You may have to argue with the doctors and nursing staff to insist on the rights of your loved one, who may be too weak physically to do so themselves. You may have to question what is being done, or not done, and face outraged or annoyed accusations of interference or even disrespect for doing so.

Do not make the fatal mistake of assuming everything will be ok, and do not submit to bullying or intimidation. Insist on the appropriate care being given, at every stage. The only way to do this is to be physically present in the same room when medical personnel are in attendance at all times, except of course in the operating theatre. Be vigilant.

Most hospitals allow an extra bed to be placed in a patient’s room. I have been told that the availability of this has to be checked by the patient themself before admission. Some doctors don’t honour the patient’s right to request this basic support. From the beginning, know your rights. Show that you know them, or they will not be recognized or upheld.

The nursing staff may be ignorant or uncaring, or unskilled. They often lack sensitivity training. You know your own thresholds of pain and anxiety best. Make sure you have whatever you need with you to help you during the days of recovery, and don’t rely on them to administer it. They will not move to assist you without the head doctor’s authorization. And the head doctor is often not there to give the authorization when it is needed by you, because of their own busy schedule. The protocol and the hierarchical structure of externally-imposed responsibility within the health care system is more important to most doctors and medical staff than their personal accountability.

In fact, the punitive and blaming aspects fostered by the current system – and endemic in our society – are responsible in large part, in my opinion, for the total lack of personal accountability on the part of many personnel across many industries and professions in Sri Lanka.  When anything goes wrong, or a mistake is made, people often engage in blaming and scapegoating rather than directly and honestly addressing the problem. They will never admit error or negligence on their own part, for fear of losing their job and their income. In the medical system, this is most serious, as any errors or mismanagement of your case can result in permanent or fatal consequences to the patient, who has no pathway of redress. And with no honest accountability, there is little likelihood of improvement, going forward.

It should also be noted that the private health care system is prohibitively expensive for ordinary wage-earners in this country, so it is not a viable alternative, and in effect the patients have no choice but to trust the care offered in the public system. Given this disempowering reality, the negligence experienced by patients by medical personnel is in fact a form of abuse. It speaks volumes in this situation that those patients who can afford it, including many politicians and those in the corporate sector, opt to have their personal surgical procedures performed in India or Singapore instead of locally.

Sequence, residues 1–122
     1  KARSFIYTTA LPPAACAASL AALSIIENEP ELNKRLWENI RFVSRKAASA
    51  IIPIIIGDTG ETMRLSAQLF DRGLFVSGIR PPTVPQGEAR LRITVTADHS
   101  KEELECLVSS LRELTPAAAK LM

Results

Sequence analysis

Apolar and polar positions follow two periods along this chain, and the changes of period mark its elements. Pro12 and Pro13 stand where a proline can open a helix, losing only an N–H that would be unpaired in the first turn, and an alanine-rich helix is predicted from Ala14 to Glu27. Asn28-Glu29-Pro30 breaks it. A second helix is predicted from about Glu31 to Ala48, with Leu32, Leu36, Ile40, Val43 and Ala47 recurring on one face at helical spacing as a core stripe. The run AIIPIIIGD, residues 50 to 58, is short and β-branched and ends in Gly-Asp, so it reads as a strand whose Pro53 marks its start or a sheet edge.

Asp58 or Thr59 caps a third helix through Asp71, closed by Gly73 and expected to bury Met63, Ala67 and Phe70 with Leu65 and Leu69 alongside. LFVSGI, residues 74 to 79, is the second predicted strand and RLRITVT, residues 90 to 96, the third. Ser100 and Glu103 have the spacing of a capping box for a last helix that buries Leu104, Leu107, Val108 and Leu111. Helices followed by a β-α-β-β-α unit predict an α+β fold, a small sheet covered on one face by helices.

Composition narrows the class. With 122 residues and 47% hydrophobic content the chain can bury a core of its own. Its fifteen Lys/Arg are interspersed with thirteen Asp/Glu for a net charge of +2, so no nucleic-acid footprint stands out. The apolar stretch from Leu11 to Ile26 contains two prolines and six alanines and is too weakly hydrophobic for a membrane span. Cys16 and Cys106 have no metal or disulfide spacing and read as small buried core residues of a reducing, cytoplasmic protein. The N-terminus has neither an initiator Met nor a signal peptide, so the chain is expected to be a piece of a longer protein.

In conclusion, it is important to take care when dealing with the hospital system in Sri Lanka. The patient, in addition to informing themselves of their condition, must try to pre-empt the challenges and difficulties they will face, as they seek professional care from often overworked and sometimes uncaring individuals, whose capacity to empathize and be compassionate to the vulnerable people in their care is exhausted, and frequently fails to adequately serve the sheer numbers of people they treat each day.

The recent COVID-19 pandemic is a context in which people’s reliance on the dedication of doctors and nursing staff will become intensified. Citizens have been told to only come in person to the hospitals if they are extremely ill, and to manage their conditions at home to the best of their ability, as underfunded medical resources – in terms of apparatus, facilities, space, and personnel – are going to be under strain.

I wish the hospital my brother was booked into, with its basic facilities and inadequate support, had had the honesty to say that they did not have the facilities to appropriately diagnose and care for him, at the point of admission. He was admitted on a Wednesday and by Monday, he was my youngest ancestor. I had to identify his body at the morgue.

My heartfelt advice to all those seeking help in the health care system here is to educate yourself about your ailment, develop the superpower of self reliance, hold all personnel accountable to the best of your capability and take responsibility for your own safety as much as you can – both in sickness and in health.